Remarkable progress has been made in deriving functional cardiomyocytes from human stem cells, and developing tissue-engineering strategies for utilization of these cells. However, the survival and function of cardiac grafts remain poor, for at least two reasons: tissue-engineering strategies do not provide the necessary cell protection and conditioning, and the ischemic/inflammatory environment of the injured heart is completely overlooked. We postulate that some of the existing barriers to the development of effective cell therapies for myocardial infarction can be overcome by manipulating cell coupling in the graft at the time of implantation and graft interactions with the host environment. To tackle such a highly interdisciplinary problem, we formed an association of two laboratories providing strong expertise in cardiac tissue engineering (Columbia University) and analysis of inflammatory responses (Albert Einstein College of Medicine). Over the last six months, we conducted extensive preliminary studies to formulate a working hypothesis, develop the investigational approach, and demonstrate feasibility of key experimental methods. Cardiac tissue grafts will be grown from human iPS-derived cardiomyocytes, with electrical stimulation, and in the presence of inflammatory cytokines. We designed a 3D human tissue platform with critical components of the inflammatory environment, application of electrical stimulation and capability for functional imaging, in a convenient 96-well format. This platform will be validated using an animal implantation model of cardiac infarction. Our working hypothesis is that the multidimensional interplay between cardiac cells, inflammatory cells and cytokines can be therapeutically skewed to maximize graft survival and function.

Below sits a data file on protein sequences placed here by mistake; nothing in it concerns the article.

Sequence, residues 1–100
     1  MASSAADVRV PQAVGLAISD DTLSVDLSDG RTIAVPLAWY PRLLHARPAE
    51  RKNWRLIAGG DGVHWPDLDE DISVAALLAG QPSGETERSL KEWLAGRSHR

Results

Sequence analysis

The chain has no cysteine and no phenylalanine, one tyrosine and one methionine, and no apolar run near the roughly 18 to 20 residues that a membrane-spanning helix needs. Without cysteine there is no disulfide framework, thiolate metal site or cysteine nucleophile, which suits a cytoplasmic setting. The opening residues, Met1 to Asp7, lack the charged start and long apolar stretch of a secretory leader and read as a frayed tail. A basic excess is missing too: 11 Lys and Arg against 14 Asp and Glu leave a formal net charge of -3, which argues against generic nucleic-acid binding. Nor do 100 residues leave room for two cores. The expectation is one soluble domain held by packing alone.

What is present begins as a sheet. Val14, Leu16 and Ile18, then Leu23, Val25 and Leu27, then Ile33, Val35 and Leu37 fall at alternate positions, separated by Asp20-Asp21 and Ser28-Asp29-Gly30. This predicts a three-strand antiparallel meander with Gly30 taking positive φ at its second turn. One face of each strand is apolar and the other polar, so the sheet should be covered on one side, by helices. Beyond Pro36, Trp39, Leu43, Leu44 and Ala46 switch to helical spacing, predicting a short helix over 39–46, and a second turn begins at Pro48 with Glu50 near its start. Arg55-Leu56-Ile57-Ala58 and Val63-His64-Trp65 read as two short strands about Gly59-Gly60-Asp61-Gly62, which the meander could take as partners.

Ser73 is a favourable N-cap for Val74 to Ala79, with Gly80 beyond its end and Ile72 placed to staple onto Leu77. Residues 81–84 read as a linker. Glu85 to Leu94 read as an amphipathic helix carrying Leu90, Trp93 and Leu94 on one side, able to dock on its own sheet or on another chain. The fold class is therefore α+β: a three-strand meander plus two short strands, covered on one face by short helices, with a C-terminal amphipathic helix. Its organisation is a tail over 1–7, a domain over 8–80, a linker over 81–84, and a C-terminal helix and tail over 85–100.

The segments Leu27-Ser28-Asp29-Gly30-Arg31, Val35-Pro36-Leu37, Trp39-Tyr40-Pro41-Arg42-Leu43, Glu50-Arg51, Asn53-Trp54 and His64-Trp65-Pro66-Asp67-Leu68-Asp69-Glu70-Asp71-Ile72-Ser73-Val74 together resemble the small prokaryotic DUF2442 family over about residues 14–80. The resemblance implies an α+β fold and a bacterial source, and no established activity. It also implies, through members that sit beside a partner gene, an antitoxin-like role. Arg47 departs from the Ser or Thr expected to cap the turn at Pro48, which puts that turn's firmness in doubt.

In Aim 1, we will characterize the responses of cardiac grafts to inflammatory cytokines and hypoxia, and evaluate the effects of graft conditioning by cell-protective cytokines.
In Aim 2, we will evaluate engineered cardiac grafts in an animal model of acute cardiac ischemia. Our long-term goal is to identify cardio-protective measures leading to improved survival and function of cardiac grafts following their implantation into the infarct bed.
New approaches are needed for improving the survival and function of cardiac grafts, toward the development of effective clinically useful therapies of myocardial infarction. We propose to take an interdisciplinary approach and combine tissue engineering with studies of inflammatory responses to create a highly advanced platform that would facilitate optimization of graft performance in the environment of cardiac infarction.
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